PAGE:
The following is an interview conducted by Adrian Gallagher with Yasmine Nahlawi of the Syrian Legal Development Programme. Adrian is a lecturer at Leeds University and the author of Genocide and Its Threat to Contemporary International Order.
2015 will mark the 10th anniversary of the World Summit Outcome which endorsed the Responsibility to Protect (R2P) agreement. R2P embodies a three-fold responsibility:
1. ‘Each individual State has the responsibility to protect its populations from genocide, war crimes, ethnic cleansing and crimes against humanity’.
2. Second, ‘the international community should as appropriate, encourage and help states to exercise this responsibility’.
3. Third, if the state in question is deemed to be ‘manifestly failing’ to protect its population from genocide, war crimes, crimes against humanity, and ethnic cleansing then the international community, ‘through the United Nations’ has a responsibility to use coercive and non-coercive measures in a ‘timely and decisive manner’ under Chapters VI, VII, and VIII of the UN Charter on a ‘case-by-case’ basis.
Against this background, the on-going crisis in Syria – which clearly fits within the remit of R2P – has led critics to question whether ‘Syria marks the death of R2P as a viable, functional concept’.2 Analysts began to debate its demise.3 Amidst this debate, UN Special Advisor on the Responsibility to Protect, Dr. Jennifer Welsh, has stressed the need to recognise that there are actors in international society, other than the UN Security Council (UNSC) which can help facilitate the R2P.4 This is not to downplay the failings of the UNSC but to highlight that if we look beyond it, we may see the valuable role being played by other actors as they strive to help protect civiliansin Syria. It is with this in mind that I takes this opportunity to interviewed Yasmine Nahlawi (YN) the External Affairs Director of the Syrian Legal Development Programme The following is a transcript of our discussion.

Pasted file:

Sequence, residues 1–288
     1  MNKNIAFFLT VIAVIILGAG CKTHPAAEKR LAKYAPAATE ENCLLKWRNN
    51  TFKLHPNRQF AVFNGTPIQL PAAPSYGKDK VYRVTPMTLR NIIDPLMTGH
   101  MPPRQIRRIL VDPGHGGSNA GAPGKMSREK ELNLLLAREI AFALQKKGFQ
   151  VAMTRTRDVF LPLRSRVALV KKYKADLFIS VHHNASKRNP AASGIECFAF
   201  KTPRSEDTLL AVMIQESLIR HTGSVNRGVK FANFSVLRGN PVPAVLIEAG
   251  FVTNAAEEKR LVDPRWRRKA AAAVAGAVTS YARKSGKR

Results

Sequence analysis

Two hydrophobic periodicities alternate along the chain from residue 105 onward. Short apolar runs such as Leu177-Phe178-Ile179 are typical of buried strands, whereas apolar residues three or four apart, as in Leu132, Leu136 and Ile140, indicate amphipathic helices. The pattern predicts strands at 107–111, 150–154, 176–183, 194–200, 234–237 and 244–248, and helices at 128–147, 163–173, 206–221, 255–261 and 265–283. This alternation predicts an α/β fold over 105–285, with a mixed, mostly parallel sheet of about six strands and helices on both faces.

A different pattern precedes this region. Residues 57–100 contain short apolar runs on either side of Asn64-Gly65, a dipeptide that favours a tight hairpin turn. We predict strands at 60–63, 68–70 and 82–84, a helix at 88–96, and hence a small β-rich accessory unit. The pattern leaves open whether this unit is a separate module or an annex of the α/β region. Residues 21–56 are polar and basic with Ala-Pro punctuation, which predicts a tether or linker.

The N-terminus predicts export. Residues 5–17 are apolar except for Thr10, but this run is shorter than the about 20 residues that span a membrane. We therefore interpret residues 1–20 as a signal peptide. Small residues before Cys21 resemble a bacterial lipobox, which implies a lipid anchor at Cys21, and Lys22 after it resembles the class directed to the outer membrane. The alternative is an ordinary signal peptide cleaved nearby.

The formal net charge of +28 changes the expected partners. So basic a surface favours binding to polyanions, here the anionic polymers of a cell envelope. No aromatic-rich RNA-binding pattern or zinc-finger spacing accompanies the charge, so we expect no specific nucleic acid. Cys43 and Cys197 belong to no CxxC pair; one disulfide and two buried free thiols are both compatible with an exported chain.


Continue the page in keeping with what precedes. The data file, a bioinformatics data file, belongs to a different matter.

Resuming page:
Adrian Galagher (AG): Can you tell us a little bit about your organisation?
Yasmine Nahlawi (YN): We are a Manchester-based non-aligned and non-governmental organization that promotes and disseminates legal education (most particularly but not limited to international law) to enable the Syrian people to work towards a Syria that is premised upon human rights and the rule of law. We do this through a combination of educational media segments (both radio and video) as well as on-the-ground training workshops, and currently focus on three main areas of public international law (PIL), international humanitarian law (IHL), and international human rights law (IHRL). Our PIL programme, for example, is aimed at helping Syrians to contextualise their situation within the wider international legal framework and to understand why and how certain measures are being imposed upon their country (for example, what is the Security Council, and what is its significance in authorising international action on Syria? What is asylum, and what does it mean to be a refugee?). The IHL programme is targeted at non-state armed groups and wider civilian population to facilitate an understanding of the basic laws of war, with hopes that such awareness will help to minimise the adverse consequences of the conflict upon civilians and state infrastructure. Finally, our IHRL programme is designed to create an understanding of the rights and responsibilities of the governing and the governed, enabling the Syrian people to hold their governments accountable for securing them their basic rights.